Ranking System

When first learning about the game of go you will undoubtedly come across the ranking system and wonder what it all means. People in clubs may ask you what “strength” you are and online you will find numbers and suffixes that you need to set to be able to find an opponent to play.

Traditional Ranking

The amateur go ranks start in the “kyu” range. Kyu is a Japanese term used in go as well as other activities such as martial arts and tea ceremonies, that acts as a form of grade designation. Upon first learning the game you are considered to have the rank of 30 kyu, which is the lowest rank. As you become more proficient you progress upwards towards the highest kyu rank of 1 kyu.

After the kyu ranks we move to the “dan” ranks, which are essentially the ‘black belt’ amateur ranks. The dan ranks begin at 1 dan and move up to the highest rank of 9 dan.

Finally, there is the professional system. The professional ranks begin at “1 dan pro” and continue to the highest rank of 9 dan pro. These ranks can only be achieved through national systems that award professional ranks to their strongest players by way of official qualifying tournaments, such as those in Japan, Korea, China and the European Go Federation.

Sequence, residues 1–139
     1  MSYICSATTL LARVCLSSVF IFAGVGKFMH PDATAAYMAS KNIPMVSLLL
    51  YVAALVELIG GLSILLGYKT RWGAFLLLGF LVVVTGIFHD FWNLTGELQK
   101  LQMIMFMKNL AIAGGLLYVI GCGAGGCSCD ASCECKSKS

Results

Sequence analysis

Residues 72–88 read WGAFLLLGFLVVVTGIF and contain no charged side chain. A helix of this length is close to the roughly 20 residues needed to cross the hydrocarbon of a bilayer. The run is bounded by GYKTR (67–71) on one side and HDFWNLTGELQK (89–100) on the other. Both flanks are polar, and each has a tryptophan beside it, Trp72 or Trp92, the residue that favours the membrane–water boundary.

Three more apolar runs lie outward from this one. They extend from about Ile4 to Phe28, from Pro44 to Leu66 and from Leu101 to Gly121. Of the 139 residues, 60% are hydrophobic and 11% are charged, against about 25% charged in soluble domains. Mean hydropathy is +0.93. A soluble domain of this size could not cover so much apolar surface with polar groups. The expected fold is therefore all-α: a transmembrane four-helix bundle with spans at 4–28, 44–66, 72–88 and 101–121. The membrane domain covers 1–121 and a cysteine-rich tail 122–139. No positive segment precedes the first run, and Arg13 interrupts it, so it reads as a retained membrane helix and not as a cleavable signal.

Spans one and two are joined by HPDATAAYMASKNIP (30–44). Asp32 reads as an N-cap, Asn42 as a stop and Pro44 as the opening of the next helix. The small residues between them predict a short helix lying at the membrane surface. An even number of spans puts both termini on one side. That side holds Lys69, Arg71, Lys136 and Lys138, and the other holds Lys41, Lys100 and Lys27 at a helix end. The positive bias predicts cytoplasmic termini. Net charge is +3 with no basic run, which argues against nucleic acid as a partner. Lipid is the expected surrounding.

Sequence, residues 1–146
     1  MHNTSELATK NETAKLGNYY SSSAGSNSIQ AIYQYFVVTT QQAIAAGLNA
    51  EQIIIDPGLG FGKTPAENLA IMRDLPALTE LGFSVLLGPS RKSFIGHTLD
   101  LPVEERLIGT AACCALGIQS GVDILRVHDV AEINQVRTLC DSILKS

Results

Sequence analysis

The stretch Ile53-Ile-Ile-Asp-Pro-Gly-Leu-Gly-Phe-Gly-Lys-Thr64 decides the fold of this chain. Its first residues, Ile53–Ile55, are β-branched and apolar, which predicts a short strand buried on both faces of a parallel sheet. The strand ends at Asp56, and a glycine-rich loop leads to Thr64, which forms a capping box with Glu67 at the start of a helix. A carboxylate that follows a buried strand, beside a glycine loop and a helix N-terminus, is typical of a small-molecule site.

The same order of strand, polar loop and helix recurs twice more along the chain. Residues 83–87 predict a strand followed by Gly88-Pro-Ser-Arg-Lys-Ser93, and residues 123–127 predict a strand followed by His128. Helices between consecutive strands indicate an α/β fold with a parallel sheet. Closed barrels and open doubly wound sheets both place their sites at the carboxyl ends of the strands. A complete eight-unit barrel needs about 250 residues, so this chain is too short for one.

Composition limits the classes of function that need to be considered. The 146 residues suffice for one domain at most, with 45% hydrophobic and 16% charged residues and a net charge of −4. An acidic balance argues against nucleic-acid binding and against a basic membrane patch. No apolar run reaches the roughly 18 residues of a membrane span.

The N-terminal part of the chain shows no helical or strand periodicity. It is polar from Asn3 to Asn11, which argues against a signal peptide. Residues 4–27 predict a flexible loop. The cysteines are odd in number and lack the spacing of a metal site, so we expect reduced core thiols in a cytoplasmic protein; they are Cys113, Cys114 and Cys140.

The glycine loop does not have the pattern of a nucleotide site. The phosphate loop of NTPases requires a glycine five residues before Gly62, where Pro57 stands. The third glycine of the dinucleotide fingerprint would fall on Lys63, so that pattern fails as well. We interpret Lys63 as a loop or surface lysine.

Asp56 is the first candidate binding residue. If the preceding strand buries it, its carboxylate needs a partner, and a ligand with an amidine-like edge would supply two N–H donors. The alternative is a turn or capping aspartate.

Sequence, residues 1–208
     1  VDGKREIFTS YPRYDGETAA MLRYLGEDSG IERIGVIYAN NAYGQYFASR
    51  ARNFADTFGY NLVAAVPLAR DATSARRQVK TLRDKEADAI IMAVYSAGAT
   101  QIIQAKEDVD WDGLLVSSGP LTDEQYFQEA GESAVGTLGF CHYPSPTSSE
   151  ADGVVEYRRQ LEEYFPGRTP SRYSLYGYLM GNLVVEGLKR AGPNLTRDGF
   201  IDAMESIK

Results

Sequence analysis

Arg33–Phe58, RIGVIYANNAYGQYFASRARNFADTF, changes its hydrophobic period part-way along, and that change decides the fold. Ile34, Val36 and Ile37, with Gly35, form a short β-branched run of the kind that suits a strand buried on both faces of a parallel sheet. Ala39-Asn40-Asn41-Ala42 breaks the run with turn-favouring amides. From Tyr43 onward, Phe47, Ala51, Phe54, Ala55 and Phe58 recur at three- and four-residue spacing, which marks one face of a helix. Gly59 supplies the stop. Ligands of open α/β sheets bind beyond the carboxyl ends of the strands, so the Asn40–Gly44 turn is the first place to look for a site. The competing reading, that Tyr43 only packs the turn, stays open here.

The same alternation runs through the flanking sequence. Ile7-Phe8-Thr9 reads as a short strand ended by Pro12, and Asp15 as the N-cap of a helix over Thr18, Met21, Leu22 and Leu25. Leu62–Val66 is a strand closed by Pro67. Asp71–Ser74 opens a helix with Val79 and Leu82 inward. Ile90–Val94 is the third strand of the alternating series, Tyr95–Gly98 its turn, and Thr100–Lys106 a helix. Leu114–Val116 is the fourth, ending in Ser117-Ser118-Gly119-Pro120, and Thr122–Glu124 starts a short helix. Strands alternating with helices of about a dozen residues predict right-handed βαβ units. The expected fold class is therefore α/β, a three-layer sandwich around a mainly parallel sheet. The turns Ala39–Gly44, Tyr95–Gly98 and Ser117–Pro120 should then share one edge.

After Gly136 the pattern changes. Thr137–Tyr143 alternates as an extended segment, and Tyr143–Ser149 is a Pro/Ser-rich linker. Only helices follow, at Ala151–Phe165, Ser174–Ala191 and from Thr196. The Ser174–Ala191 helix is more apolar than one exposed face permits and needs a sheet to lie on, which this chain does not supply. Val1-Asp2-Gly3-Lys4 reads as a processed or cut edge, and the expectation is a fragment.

Modern Ratings

In modern times new systems of ratings have been introduced that calculate a player’s strength based on points rather than ranks. The European Go Database manages the ratings for all rated tournaments that take place in Europe.

The EGD uses the Go Ratings (GoR) system. Every 100 points is equivalent to one traditional rank, so for example an average 6 kyu is 1500 points while an average 5 kyu is 1600 points. You gain and lose points based on if you win or lose and the strength of your opponent.

You can find a full description of how the rating system works on the EGF Ratings System page.

Handicap System

Each rank measures the general proficiency of the player it is assigned to and provides the ability to serve the handicapping system. One rank difference generally equals how many free moves you can provide your opponent with at the start of the game in order to make the game more even in terms of players’ skill.

If for example an 8 kyu plays a 10 kyu, the 10 kyu, taking the black stones, can place two black stones on the board before the 8 kyu plays the first white stone. The maximum handicap is nine stones for black. If there is only one rank between the players, instead of providing stones on the board for black, white simply gets 0.5 points of komi rather than the full 6.5 points.

The handicap stones are generally laid out in preset positions on the star points rather than being freely positioned by the player. However, outside of tournaments, either way can be used as long there is agreement between the players. Within tournaments there will be a set system to follow.

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